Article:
First impressions: You can't keep your eyes off the characters in this juicy, funny and fascinating new play that is part myth, part political melodrama and part pulp fiction — or is? When you're dealing with such legendary characters based on Joe Kennedy Sr., JFK, Sinatra, mob boss Sam Giancana and everybody's girlfriend, Judith Exner, the mash-up is especially heightened. The point is not the search for truth among the rumors, FBI and CIA files, and sordid and dark goings-on, but a riveting power play of politics, show business, crime and sex, deliciously done by a first-rate cast.
What's it about?: Mastrosimone mixes tabloid and tragedy as he imagines a tale of ambition and arrogance. Joseph Kennedy Sr. (played with fine patrician ruthlessness by John Cunningham) engages JFK's pal Sinatra (Paul Anthony Stewart) to use his ties to Giancana (Jordan Lage) to swing labor votes to his son's run for president. A double-cross by JFK sets in motion a lethal inevitability of historic proportions.
Rumors, rumors: The point isn't whether it's all true. This is not historic show-and-tell for the perpetually paranoid, but a riveting supposition that uses iconic figures to tell a helluva tale of power, privilege and sex.
Ah, sex: No small motivator here. We first see "Judy" (last names are not used) as "Frank" ends their relationship. Introduced to "Jack" by the singer, Judy begins an intense relationship with the presidential candidate and then, ever-so-slowly, with gangster "Sam."
These opening scenes seduce on many levels, especially Sam's delicate wooing of Judy that is a stunner. Lage thoroughly makes you believe in the sly charm, the playful machismo, the quiet menace and ultimately the ruthlessness of this mesmerizing mob boss, Lind's smart, sophisticated and human performance convinces you of Judy's attraction to the bold, the powerful and the rich — and why men would find her equally desirable.
For the most part all the actors avoid caricature and cliché, and give their roles depth and surprise. Stewart's Frank is cool, just this side of cold, but also reveals touches of naivete, neediness and hurt.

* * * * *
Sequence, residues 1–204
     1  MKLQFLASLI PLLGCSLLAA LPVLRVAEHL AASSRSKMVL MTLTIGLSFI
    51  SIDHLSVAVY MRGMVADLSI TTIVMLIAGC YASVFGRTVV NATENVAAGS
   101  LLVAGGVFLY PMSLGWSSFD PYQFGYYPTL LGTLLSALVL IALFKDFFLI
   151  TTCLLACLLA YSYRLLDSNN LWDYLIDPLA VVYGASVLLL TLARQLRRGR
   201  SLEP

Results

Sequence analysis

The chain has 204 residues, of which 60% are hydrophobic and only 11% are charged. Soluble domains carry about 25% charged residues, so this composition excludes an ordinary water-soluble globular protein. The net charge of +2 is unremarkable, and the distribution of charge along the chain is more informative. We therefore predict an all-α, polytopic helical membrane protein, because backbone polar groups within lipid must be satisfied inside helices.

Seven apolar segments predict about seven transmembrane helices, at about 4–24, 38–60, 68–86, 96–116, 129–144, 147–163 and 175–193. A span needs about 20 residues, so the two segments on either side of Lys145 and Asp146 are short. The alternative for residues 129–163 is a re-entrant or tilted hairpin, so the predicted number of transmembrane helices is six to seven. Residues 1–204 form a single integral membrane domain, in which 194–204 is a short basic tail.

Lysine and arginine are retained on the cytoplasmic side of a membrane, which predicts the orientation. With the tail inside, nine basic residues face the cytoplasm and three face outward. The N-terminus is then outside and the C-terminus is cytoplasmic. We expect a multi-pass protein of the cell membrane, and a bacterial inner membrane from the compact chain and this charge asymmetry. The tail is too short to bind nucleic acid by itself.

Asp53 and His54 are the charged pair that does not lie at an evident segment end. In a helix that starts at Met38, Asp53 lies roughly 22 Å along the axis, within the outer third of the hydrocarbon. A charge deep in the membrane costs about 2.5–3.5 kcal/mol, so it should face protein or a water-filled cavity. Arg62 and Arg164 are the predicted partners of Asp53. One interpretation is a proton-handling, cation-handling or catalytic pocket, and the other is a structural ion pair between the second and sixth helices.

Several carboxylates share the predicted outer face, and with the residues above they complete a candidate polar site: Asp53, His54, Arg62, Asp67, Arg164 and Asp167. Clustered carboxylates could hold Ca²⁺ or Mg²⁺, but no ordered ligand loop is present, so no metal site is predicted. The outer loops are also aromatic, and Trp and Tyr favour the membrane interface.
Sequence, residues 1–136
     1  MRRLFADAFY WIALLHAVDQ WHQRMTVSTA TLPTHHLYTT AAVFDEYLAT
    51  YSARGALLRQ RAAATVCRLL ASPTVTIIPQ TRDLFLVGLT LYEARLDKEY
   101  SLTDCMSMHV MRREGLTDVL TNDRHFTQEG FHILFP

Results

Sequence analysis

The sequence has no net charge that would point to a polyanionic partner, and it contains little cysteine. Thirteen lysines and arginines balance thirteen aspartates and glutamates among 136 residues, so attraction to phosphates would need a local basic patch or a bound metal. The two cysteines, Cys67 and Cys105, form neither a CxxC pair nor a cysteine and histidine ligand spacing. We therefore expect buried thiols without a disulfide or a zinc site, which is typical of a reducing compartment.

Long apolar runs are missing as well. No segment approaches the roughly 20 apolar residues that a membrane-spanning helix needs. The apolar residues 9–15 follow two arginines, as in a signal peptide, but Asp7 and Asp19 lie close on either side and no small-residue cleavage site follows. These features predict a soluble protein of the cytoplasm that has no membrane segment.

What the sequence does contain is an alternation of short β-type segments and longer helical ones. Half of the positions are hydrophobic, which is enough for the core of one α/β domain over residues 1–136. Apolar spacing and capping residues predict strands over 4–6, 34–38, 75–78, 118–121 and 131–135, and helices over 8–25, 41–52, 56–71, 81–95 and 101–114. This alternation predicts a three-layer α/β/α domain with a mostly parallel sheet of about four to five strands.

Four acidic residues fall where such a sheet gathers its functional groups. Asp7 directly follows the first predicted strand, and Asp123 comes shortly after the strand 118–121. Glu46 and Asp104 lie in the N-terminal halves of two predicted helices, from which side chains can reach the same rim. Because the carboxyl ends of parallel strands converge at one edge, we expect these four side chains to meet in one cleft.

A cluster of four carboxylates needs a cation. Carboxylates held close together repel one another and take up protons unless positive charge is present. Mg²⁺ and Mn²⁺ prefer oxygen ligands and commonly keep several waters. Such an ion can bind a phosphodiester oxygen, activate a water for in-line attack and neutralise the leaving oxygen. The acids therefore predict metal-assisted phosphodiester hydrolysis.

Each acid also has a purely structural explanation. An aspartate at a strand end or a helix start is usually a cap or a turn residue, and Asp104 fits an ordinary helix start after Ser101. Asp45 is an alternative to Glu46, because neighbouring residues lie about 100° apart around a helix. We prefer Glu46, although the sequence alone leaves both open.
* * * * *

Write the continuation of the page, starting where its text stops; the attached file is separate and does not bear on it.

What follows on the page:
Sills has the toughest assignment, depicting Jack's charisma and intelligence but also deeper, darker elements too, as his ambivalence turns to arrogance the closer he gets to political gold. But Mastrosimone puts too much of the narrative and thematic load on this character and it weighs him — and the play — down.
The show could use a tighter edit, especially in the fact-crammed second act which offers details about the FBI, CIA, Marilyn Monroe, Jack's sibling rivalries, Joe's family histories, Castro, Khrushchev, Dr. Feelgood, the space program — and more! — that pile up just as you want things sharpened. Also, the meetings between father and son spell things out all too obviously.
But Mastrosimone's dialogue is terrific, getting the rhythms of class and underclass just right and packing every scene with tension, humor and snap. There are occasional misses, however, such as when Joe warns his son, "Danger is your aphrodisiac,"
As staged by Gordon Edelstein, the show has a bold, go-for-it bravado that is theatrically intoxicating. Watch an extended scene as Judy jumps back and forth between lovers' bedrooms, or a shocking assault that shows the primal high stakes, or the naked vulnerability of one of the characters.
And the design?: Eugene Lee's set and Sven Ortel's projections nicely evoke the '60s jet-set scene and facilitate the smooth ride of the production. However, the giant presidential portraits in the Oval Office are a bizarre distraction.
Who will like it?: Those who behind-the-scenes dramas involving celebrities, politicians or mobsters. Conspiracists.
Who won't?: Camelot supporters. Single-bullet theorists.
For the kids?: Nope. Strong language and full-frontal nudity. Not to mention a tarnished hero.
Twitter review in 140 characters or less: Title this one "Profiles in Politics, Sex, Betrayal and Revenge"
Thoughts on leaving the parking lot: Seeing "Ride the Tiger" on Wednesday followed Friday with TheaterWorks's "The Mountaintop" — which centers on Martin Luther King on the eve of his assassination in 1968 — makes for a strange visit into '60s icons shot down in their prime. One shows the dark and disturbing side of power and privilege; the other, well, we'll see.
The basics: The show, at 222 Sargent Drive in New Haven, continues through April 21. Running time is 2 hours and 35 minutes with one intermission. Tickets are $40 to $70. Information at 203-787-4282 and http://www.longwharf.org.
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